COLORADO SPRINGS –– When the Pikes Peak Cog Railway first closed in 2017, the people who manage it didn’t know quite where to go.
The system needed repairs no doubt, but how many and at what cost? As they compiled the final numbers it became clear–– it was best to start from scratch. So in the Spring, they ripped up the tracks that had been in place for over 120 years.
Ripping up the tracks was the easy part.
“You just rip it out of the ground, you don’t have to worry about putting it back or what it’s going to look like,” Assistant General Manager of the Manitou and Pikes Peak Cog Railway Ted Johnston said. “This rebuilding process, there’s going to be a learning curve.”
With the first rails being secured to the ground this week, Johnston estimates they’re now more than halfway done with the project.
They have cleared out the old rail, reconstructed the path to the top, now they’re laying down ballast (rocks at the base of the tracks), laying ties across it, and then fastening the rails to the ties. The last step is putting the chain-like cog track in the middle of the ties, the power that allows trains to climb grades as high as 25 percent in the ascent to the summit.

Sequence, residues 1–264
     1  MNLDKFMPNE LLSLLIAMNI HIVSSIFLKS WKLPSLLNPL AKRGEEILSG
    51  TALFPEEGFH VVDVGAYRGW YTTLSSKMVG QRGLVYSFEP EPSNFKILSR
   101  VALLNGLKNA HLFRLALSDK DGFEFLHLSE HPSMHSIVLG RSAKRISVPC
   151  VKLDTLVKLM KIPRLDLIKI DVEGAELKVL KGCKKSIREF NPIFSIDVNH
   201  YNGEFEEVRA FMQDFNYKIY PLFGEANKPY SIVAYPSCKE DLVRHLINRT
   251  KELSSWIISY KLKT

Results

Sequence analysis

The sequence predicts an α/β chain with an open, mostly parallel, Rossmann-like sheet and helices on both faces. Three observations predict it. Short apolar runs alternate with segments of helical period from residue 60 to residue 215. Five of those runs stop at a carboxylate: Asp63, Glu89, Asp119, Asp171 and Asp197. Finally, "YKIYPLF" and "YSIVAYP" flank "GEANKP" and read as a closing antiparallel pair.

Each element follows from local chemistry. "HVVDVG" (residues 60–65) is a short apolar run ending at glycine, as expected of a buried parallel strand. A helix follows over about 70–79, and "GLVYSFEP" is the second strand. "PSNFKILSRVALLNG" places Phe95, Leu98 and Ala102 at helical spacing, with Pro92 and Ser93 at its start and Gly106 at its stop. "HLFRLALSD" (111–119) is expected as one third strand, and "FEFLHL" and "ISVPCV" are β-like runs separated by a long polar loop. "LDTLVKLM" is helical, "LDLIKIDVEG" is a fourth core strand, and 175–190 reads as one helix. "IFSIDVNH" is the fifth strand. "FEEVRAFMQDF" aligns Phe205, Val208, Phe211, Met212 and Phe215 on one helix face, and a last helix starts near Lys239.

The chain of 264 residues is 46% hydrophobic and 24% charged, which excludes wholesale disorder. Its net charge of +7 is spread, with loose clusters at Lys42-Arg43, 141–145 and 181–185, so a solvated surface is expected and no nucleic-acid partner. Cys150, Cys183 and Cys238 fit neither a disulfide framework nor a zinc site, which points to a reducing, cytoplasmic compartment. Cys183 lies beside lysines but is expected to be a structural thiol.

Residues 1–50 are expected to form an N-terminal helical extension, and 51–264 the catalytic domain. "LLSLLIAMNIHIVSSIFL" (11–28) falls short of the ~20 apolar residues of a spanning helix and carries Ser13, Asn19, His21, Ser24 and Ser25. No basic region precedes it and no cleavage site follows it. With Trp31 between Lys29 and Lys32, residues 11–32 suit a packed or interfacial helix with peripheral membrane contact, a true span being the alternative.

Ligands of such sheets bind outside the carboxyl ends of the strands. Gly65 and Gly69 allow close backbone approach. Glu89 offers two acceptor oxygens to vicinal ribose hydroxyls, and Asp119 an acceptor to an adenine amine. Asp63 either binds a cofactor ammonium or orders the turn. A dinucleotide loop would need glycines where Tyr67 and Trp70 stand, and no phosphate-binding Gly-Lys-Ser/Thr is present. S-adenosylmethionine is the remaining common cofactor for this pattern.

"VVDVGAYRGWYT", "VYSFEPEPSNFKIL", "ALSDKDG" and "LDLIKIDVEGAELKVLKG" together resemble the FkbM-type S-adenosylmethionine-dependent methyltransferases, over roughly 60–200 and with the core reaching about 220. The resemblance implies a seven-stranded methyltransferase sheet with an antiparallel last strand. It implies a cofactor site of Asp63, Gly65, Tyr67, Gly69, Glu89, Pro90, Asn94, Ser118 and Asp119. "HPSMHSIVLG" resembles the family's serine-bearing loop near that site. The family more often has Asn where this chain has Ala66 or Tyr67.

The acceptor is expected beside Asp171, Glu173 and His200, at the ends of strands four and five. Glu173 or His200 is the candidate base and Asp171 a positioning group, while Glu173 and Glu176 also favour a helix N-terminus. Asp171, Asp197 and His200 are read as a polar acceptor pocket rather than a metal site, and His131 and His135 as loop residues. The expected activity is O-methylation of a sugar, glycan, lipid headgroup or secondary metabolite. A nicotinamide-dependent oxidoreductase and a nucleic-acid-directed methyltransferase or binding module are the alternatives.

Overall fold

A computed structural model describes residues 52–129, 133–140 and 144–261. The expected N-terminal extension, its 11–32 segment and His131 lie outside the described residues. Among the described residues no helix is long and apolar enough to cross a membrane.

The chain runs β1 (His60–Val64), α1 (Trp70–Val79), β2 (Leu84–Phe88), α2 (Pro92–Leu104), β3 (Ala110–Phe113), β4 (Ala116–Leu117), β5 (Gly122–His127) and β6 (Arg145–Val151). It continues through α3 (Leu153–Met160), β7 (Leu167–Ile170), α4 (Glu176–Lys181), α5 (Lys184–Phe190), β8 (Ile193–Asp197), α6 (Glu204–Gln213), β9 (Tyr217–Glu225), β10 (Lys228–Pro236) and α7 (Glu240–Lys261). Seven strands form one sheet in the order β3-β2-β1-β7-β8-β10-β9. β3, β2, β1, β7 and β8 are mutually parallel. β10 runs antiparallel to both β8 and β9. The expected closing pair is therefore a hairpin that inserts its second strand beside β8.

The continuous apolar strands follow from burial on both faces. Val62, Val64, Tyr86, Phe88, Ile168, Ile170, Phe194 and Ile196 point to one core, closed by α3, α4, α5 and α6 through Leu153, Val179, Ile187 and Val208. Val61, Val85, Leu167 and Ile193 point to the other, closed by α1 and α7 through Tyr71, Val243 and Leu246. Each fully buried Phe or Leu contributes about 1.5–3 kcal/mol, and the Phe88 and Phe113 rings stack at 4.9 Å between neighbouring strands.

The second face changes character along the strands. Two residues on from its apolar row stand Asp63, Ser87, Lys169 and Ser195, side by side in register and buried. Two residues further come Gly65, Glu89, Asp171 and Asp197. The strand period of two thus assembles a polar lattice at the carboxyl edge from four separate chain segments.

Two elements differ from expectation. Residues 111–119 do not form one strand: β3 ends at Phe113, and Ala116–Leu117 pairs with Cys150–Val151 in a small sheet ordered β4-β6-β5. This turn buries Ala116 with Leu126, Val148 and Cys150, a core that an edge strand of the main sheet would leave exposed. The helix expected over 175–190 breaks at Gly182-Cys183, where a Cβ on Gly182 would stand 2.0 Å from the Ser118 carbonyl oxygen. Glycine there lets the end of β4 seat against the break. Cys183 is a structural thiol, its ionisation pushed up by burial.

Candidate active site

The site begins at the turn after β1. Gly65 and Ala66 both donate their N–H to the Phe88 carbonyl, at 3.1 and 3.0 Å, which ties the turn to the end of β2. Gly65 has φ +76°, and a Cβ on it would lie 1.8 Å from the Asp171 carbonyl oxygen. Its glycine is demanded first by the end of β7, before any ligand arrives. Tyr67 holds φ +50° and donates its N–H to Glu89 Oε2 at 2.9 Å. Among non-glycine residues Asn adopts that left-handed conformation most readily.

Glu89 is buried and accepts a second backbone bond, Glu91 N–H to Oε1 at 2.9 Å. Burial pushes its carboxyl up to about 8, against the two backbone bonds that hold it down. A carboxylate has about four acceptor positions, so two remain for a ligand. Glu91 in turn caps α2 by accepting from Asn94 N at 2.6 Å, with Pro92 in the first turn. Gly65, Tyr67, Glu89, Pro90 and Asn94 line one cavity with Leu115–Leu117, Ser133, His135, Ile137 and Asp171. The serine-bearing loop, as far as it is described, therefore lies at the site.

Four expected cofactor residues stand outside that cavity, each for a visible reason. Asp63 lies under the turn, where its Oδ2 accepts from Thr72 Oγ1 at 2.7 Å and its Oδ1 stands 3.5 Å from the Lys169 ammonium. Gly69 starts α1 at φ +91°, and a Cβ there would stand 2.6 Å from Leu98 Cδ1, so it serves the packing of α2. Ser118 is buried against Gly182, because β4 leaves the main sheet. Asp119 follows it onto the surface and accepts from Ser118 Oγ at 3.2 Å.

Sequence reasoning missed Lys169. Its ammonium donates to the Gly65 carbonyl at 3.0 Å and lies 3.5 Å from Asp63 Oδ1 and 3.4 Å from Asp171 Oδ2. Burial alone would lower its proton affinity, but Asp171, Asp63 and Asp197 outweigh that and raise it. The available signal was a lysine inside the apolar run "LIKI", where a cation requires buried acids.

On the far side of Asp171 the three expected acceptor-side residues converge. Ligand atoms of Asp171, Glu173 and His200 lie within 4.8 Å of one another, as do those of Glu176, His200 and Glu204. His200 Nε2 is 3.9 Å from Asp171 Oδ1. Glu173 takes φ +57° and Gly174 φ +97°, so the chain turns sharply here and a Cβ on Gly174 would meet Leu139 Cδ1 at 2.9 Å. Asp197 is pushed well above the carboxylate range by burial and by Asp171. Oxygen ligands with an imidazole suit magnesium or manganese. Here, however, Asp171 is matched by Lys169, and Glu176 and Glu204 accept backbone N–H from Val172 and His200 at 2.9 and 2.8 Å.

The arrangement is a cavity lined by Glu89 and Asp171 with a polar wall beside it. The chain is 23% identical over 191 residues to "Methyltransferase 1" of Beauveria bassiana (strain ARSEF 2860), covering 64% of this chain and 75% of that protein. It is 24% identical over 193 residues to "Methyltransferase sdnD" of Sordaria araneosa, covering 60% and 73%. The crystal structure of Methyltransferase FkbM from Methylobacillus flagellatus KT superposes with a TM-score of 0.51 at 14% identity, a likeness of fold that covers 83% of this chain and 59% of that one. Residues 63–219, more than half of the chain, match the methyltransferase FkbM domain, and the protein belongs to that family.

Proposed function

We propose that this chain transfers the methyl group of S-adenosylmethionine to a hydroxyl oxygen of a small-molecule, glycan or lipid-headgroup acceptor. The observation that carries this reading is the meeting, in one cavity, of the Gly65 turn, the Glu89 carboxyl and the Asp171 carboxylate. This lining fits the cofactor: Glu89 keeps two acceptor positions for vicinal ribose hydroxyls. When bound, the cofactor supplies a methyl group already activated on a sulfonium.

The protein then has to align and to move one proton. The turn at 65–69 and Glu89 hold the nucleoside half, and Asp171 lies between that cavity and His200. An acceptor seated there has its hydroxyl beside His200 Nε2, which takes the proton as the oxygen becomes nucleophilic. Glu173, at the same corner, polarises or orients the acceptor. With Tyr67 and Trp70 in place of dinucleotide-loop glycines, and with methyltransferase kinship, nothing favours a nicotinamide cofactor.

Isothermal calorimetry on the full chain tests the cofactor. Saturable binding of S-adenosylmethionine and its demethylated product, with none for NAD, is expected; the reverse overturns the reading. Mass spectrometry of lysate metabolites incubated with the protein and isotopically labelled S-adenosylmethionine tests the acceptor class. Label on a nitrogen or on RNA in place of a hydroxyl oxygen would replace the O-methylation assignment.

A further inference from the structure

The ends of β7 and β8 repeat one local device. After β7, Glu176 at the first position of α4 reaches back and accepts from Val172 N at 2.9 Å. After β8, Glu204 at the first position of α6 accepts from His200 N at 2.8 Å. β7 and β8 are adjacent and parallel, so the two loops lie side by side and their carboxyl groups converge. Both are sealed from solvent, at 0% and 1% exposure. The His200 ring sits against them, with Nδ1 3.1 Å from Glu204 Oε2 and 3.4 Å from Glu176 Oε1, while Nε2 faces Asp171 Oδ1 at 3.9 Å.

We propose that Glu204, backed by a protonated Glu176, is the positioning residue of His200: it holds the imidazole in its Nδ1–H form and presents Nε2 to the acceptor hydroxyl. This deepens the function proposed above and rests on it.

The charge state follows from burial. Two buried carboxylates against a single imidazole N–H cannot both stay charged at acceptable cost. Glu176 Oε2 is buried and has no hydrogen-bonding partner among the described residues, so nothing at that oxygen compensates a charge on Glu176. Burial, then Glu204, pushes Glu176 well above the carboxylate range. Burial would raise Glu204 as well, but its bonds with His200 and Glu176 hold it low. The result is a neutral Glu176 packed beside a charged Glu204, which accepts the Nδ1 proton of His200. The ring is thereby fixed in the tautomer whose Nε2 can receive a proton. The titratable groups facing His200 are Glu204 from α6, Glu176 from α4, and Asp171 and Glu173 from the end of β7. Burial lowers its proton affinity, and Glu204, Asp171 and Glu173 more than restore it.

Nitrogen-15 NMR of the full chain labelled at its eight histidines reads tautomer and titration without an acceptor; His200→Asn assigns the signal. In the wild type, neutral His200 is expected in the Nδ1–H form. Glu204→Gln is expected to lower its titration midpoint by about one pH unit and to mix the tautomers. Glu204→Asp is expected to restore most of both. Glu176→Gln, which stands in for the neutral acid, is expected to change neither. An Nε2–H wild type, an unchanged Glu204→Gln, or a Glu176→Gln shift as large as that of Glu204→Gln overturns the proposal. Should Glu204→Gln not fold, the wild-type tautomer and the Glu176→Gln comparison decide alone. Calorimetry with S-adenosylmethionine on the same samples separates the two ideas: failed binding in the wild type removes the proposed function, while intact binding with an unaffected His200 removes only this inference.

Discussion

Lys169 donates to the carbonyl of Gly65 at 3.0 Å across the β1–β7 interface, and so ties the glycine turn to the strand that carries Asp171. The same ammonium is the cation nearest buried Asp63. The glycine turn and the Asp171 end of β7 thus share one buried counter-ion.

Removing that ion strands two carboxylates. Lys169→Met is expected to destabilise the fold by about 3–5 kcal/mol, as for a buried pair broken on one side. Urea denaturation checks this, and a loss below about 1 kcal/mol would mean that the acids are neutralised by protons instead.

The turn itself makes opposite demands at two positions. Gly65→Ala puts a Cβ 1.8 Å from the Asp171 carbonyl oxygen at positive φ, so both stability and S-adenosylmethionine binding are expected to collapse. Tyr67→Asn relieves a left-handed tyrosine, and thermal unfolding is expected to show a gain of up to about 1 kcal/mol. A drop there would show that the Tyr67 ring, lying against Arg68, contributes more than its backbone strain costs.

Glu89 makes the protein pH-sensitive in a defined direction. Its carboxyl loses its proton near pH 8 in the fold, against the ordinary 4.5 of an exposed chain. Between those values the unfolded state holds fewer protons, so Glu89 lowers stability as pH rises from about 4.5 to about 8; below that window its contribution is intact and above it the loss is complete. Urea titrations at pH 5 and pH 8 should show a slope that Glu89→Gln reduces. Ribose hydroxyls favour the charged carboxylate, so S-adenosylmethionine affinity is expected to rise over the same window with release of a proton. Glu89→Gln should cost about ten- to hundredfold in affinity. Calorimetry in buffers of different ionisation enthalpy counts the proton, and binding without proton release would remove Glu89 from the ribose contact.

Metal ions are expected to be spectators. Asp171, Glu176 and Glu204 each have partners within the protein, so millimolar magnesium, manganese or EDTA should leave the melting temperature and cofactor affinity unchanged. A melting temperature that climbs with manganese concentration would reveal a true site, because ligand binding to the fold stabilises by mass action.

The warmer months means construction can move higher in elevation as well. Johnston said they planned not to do a lot of work towards the summit during the winter though, summer times brings its own flavor of weather challenges.
“We’re prone to afternoon thunderstorms,” Johnston added. “When you’re down in Manitou and Colorado Springs, you can kind of see them building on top of Pikes Peak. When you’re up here, they’re actually building right on top of you. It literally comes out of nowhere.”
The elevation that creates thunderstorms also creates fatigue. In talking with the project leaders for the Pikes Peak Summit House, Johnston learned they had employees take a physical to ensure they could handle the consistent exposure to the high alpine environment.
The work has proved fatal as well. In the summer of 2019, an employee working on the railway died while descending on a utility vehicle.
“We made changes right after that happened and those have been in effect since last summer. The biggest is the transportation of our crews on the mountain,” Johnston said.
Crews now travel in pick up trucks for any travel over a longer distance.
A team of just over a dozen from the contractor Stacy and Witbeck have their hammers, picks and front-end loaders to put the new rail in place. Over the last several weeks and months, they have been strategically placing piles of ties, rails, and other equipment on the path to the top.
The construction starts near the summit and then will descend around 8,000 feet to the depot at the Peak’s base in Manitou Springs. This way, crews don’t block themselves in, the equipment can be brought down easier, and it limits transportation over the freshly laid rails.
It’s an exciting moment for Johnston and the crew working on a staple to America’s mountain.
“This has only been done once and that was 126 years ago,” Johnston explained. “They used mules and pickaxes and now we’re up here doing it all again.” he said, “We have all this great equipment but at the end of the day, it’s still just the manpower of getting the track on the ground that we still rely on.”